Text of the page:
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MFC and its resistance to heat: Can it create opportunities?

By Mats Hjørnevik 23. May 2017
Microfibrillated cellulose is an interesting rheology additive in several aspects due to its multi-functionalities. It can create pseudoplastic behaviour in flowing systems, prevent cracking of curing systems, improve barrier properties of cured systems, just to name a few opportunities. However, one of its less known characteristics is its ability to perform under a range of different temperatures, without losing the ability to provide the desired viscosity profile. I will in this week’s post focus on how MFC performs at high temperatures in the liquid phases and how it performs in comparison to more well-known rheology additives.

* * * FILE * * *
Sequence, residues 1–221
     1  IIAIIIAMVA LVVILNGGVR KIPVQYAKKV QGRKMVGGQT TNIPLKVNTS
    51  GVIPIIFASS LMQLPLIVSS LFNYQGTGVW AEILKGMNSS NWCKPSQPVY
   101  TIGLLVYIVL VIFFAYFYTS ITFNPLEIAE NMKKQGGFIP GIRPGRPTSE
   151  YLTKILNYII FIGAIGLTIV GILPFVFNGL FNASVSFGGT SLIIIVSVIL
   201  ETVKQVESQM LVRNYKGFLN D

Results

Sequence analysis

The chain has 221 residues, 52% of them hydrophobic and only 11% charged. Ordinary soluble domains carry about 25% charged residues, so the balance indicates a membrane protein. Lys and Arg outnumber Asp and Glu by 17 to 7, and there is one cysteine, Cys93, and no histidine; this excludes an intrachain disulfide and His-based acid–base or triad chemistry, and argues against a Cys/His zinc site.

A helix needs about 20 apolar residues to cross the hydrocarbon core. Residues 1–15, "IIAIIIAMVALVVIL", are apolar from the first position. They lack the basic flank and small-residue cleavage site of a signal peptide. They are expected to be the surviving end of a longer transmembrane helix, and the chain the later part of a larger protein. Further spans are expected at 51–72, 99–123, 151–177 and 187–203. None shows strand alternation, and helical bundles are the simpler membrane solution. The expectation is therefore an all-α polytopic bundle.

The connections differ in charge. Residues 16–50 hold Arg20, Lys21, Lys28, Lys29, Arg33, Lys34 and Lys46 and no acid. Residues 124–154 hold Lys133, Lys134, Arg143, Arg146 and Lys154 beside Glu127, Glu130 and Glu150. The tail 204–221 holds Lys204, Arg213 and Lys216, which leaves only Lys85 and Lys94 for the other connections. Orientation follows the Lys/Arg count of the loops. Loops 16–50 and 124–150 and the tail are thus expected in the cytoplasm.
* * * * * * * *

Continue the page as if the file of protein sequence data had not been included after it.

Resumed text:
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Temaer: MFC, rheology, temperature, heat